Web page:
“How can I stop something I am unaware of doing?”
“A good question, madam, but an irrelevant question. As it happens, there is a more recent matter which renders that one moot.”
She said nothing. Finally, he spoke again.
“You have damaged some of my property, madam, two assets to be precise. Both have required repair and retraining, thanks to you. Indeed, one may never recover from the retraining, but that is not your affair. Nevertheless, I must insist on a measure of restitution. Fortunately for me, that restitution coincides with my employer’s wishes as well.”
He clapped his hands twice, sharply. A door beneath him and opposite her opened. “Meet Grigor, Ms. Darcy. Grigor is in charge of our training and retraining.”
A man stepped out, an enormous man, a half head taller than Matt and probably twice his weight, with very short dark hair and wearing a tank top that revealed the shoulders and arms of a weightlifter. He moved deliberately, balanced and graceful. Three paces into the room he stopped, casually crossing his arms, and studied her with cold eyes. His biceps were the size of her thighs.
“Mr. Cherenkov, if I am not out of this house in three minutes, the police will be called here.”
“Aha. Perhaps, Ms. Darcy, you should not be too hasty about that.”
He opened the door behind him. Two people emerged: a dazed Scott Zimmer, blood dripping from a cut on his cheek, being pushed by her old acquaintance Sascha. Zimmer glanced at her and shook his head, either in regret or to signal that he was all right; she couldn’t tell. Sascha shoved him down to one end of the balcony while pointing a pistol at him.
Cherenkov closed the door and turned to Darcy. “It is bad for training to be interrupted, do you not agree? Now I think we may proceed without interruption.”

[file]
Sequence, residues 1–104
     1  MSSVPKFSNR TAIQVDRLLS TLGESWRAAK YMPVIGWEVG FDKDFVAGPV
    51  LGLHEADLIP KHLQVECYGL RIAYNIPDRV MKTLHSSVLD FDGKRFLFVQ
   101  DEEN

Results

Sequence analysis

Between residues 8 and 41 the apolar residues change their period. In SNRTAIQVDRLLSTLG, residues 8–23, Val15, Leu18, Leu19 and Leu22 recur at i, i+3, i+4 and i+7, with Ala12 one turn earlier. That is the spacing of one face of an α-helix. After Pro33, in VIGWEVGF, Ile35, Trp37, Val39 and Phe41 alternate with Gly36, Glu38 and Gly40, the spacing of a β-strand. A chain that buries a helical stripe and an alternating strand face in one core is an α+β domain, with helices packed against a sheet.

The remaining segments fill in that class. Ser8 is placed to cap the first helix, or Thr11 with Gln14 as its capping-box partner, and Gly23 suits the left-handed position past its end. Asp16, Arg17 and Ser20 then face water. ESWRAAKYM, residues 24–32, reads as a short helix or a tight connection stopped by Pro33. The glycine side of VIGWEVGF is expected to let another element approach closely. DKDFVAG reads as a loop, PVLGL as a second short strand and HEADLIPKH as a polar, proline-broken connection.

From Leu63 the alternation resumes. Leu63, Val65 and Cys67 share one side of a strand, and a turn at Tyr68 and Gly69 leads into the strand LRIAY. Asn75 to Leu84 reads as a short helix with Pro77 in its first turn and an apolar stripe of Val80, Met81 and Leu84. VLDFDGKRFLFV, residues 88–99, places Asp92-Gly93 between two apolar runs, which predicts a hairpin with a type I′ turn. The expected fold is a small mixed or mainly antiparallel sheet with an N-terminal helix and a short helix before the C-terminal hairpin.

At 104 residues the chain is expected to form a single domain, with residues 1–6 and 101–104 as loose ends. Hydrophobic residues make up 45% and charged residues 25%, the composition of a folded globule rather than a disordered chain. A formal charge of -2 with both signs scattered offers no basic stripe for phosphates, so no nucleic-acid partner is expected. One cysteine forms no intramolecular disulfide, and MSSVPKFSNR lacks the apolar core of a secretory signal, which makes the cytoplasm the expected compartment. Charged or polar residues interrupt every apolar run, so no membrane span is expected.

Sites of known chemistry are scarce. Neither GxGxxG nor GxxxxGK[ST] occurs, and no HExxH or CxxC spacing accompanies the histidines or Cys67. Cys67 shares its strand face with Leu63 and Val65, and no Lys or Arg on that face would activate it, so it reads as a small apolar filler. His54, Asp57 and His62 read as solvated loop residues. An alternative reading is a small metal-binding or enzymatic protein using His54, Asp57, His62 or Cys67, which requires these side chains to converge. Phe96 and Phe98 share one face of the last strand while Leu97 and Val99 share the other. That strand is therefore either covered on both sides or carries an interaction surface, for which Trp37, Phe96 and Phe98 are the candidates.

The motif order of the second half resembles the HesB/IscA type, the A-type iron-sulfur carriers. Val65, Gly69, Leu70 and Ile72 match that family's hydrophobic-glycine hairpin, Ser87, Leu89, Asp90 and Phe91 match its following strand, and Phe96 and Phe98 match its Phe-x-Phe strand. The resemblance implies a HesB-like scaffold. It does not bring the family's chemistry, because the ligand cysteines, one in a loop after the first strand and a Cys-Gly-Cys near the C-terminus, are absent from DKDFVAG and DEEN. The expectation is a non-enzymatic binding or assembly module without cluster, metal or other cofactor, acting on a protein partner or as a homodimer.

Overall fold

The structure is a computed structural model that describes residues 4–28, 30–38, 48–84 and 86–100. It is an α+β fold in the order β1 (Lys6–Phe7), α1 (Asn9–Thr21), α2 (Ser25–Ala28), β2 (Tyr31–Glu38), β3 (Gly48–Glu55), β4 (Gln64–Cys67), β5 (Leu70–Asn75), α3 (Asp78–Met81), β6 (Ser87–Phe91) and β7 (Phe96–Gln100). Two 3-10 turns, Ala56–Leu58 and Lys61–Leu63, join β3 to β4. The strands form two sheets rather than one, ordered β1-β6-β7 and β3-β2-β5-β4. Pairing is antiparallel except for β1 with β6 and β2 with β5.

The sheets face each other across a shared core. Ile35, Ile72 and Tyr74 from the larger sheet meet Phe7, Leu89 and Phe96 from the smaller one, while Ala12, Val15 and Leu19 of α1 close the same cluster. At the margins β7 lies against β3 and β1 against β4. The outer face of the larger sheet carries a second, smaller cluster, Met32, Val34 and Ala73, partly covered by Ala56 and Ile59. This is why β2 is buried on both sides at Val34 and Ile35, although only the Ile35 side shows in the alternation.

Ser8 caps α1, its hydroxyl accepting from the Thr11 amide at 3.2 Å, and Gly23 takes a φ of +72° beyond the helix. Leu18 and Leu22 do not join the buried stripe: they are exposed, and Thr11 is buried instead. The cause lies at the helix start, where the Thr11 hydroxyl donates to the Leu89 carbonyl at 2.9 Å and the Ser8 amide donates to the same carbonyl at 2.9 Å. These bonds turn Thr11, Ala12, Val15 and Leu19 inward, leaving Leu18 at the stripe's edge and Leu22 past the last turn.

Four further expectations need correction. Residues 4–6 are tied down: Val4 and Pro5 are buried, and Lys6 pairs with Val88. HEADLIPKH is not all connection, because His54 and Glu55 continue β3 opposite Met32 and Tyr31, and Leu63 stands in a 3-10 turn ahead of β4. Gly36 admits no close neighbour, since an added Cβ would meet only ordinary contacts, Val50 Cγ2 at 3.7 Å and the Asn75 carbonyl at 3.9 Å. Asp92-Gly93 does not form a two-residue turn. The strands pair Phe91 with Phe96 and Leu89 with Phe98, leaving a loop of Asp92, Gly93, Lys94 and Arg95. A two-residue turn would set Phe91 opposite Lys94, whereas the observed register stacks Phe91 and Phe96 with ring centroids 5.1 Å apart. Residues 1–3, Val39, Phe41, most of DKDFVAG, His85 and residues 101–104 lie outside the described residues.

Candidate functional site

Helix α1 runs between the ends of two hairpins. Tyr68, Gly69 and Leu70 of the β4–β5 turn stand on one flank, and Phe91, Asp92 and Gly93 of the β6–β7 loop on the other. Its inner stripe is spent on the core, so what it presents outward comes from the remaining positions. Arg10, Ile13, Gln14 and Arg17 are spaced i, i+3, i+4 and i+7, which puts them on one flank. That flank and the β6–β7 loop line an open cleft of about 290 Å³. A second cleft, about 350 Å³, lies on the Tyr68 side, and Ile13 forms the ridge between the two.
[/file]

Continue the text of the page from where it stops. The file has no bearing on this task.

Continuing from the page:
He began speaking in Russian. She couldn’t catch every word, but Russian was a distant cousin of Luvit, and in her work with Dr. Sledd in comparative linguistics she had studied it as well as Polish and Czech. She could follow what he was saying. Basically, he was telling Grigor to beat her to death.
The man unfolded his arms and stepped toward her. He moved like a cat, in perfect control at every moment. She tried the door behind her. It was locked. Turning, she backed away from the approaching giant.
He tried to trap her in a corner but she darted around him to the center of the room. She was certain she was much faster than he was...but just how fast was he? He came at her again and again she slipped around him. The fourth time he anticipated and stepped to his left as she went by, directing a slice at her chest. She evaded it easily, but even so she felt the breeze as his arm passed. He was much faster than his size would indicate.
They repeated the same basic maneuver a dozen times or more until it became monotonous. The man showed no impatience, advancing time after time. She didn’t dare continue the same pattern indefinitely. He might be anticipating just such a mistake, waiting to catch her off guard. His face remained emotionless, implacable.